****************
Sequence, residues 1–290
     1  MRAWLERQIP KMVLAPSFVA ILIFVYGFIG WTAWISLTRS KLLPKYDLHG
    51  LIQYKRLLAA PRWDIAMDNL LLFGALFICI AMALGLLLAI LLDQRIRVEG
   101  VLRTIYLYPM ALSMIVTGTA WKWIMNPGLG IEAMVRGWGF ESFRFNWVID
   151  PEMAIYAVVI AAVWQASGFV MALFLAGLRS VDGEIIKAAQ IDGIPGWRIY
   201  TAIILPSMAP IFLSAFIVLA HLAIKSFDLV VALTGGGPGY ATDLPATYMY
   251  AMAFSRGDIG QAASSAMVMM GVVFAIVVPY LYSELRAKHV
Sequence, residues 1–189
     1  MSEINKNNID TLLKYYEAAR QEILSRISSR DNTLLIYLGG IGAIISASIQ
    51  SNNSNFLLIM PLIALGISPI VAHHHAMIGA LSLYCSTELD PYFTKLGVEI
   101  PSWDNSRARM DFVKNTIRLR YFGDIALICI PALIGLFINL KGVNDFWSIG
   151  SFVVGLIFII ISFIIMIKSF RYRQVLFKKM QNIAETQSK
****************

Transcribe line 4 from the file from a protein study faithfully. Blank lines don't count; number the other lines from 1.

   101  VLRTIYLYPM ALSMIVTGTA WKWIMNPGLG IEAMVRGWGF ESFRFNWVID